A question that naturally arises when discussing Mormonism is: was Joseph Smith a true prophet of God? When answering this question, many Mormons point to his accomplishments and ask how a young teen could do such things if he wasn’t a true prophet. Others point to the growth of the LDS Church and say that such growth proves its truthfulness. On the other hand, many critics of Mormonism focus on problems they see in Joseph Smith’s history in an attempt to prove that he wasn’t.
But there’s an even more preliminary question that needs to be asked, namely, how should one go about determining if someone is a true or false prophet? Is that determined by their character. . .by their success? If, for example, successful growth is the evidence than we would have to say that Mohammed was a great prophet – a statement I don’t think many Christians or Mormons would endorse.
Jesus talks about false prophets in Matthew 7. There he gives some vital information. First of all, he says that they come in sheep’s clothing. In other words, they will appear harmless and good. Many false prophets will have exemplary characters. They will be “good” people. We see that in Jesus’ day. The Pharisees were the conservative, moral people of the day. But Jesus spoke very sternly to and about them.
A few verses later Jesus gives us more pertinent information. “Many will say to me in that day, Lord, Lord, have we not prophesied in thy name? and in thy name have cast out devils? and in thy name done wonderful works? And then will I profess unto them, I never knew you; depart from me, ye that work iniquity.” (Matthew 7: 22-23) Note how these false prophets spoke and acted in Jesus’ name. They even did miracles in Jesus’ name – casting out devils and the like! In spite of that, however, Jesus didn’t accept them. Rather he angrily casts them away. Therefore using Jesus’ name and even doing spectacular works in Jesus name isn’t the mark of a true prophet.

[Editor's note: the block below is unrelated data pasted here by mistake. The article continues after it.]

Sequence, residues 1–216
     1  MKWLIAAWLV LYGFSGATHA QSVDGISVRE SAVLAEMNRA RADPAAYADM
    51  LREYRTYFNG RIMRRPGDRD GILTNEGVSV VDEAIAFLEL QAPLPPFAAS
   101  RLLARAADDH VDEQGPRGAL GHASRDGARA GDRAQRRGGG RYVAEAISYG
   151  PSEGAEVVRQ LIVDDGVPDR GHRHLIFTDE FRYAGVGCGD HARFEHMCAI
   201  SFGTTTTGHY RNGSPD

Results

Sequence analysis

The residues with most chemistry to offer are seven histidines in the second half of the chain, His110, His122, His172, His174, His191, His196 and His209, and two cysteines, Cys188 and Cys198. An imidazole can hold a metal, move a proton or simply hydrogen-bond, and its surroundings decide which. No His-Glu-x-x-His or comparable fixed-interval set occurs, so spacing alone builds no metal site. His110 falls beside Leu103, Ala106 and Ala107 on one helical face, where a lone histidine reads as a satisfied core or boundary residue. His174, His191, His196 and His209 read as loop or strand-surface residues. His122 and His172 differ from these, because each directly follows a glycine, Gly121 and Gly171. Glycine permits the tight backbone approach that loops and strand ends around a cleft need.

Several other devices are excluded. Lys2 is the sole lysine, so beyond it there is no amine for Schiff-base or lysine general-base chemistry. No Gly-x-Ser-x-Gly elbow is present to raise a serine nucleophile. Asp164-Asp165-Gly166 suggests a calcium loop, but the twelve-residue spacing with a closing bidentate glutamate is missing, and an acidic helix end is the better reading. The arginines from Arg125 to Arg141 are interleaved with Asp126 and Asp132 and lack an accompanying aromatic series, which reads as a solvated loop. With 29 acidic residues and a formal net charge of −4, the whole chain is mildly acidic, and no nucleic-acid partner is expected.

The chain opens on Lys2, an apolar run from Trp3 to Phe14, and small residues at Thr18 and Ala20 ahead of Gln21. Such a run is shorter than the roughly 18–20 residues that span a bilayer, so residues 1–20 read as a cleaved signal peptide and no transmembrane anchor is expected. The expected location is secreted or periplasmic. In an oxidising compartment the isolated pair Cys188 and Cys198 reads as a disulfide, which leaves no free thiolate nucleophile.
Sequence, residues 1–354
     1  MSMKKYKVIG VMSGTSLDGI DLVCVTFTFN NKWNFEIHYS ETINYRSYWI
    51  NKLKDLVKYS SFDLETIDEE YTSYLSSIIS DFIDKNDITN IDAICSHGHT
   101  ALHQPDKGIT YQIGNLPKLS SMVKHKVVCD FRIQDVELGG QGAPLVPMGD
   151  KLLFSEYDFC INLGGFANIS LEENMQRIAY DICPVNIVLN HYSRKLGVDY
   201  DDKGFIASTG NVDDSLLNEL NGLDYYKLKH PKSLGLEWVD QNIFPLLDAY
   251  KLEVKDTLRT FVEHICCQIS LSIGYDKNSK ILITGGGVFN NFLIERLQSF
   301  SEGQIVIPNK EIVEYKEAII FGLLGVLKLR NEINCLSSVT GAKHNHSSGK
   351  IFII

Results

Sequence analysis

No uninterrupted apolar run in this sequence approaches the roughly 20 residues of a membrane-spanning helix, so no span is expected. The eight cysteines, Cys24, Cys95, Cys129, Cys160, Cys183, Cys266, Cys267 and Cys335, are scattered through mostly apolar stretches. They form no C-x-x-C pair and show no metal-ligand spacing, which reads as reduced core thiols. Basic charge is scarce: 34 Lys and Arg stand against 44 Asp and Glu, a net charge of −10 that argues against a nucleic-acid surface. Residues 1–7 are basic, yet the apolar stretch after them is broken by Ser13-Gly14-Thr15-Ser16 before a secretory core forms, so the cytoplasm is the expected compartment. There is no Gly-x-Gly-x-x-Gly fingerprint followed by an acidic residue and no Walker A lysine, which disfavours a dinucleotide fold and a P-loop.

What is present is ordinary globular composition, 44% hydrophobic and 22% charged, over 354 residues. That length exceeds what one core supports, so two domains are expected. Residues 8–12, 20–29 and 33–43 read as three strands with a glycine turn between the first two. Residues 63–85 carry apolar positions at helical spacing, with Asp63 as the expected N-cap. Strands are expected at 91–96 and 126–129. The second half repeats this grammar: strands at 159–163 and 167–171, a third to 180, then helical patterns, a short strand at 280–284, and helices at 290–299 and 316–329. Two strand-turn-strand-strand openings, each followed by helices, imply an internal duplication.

In verse 20 Jesus tells us what to look for. “Wherefore by their fruits ye shall know them.” I didn’t begin with this verse because people often hear that and immediately identify fruit with a person’s character, work, or outward success. But it’s obvious from the context those things aren’t “fruit”. What then is a prophet’s fruit? To answer this question, let me ask a couple of other questions first. What is a plumber’s fruit? What is a teacher’s fruit? Isn’t a plumber’s fruit his plumbing and how well he does it? Isn’t a teacher’s fruit her teaching and how well she does it? A prophet’s fruit is what he says! To determine if someone is a true or false prophet, what need to be examined are his words. That is why when evaluating Joseph Smith, what needs to be put under the microscope is not so much his character or work, but his words – his teachings. And it’s his teachings that have convinced me that he was a false prophet.
To be continued.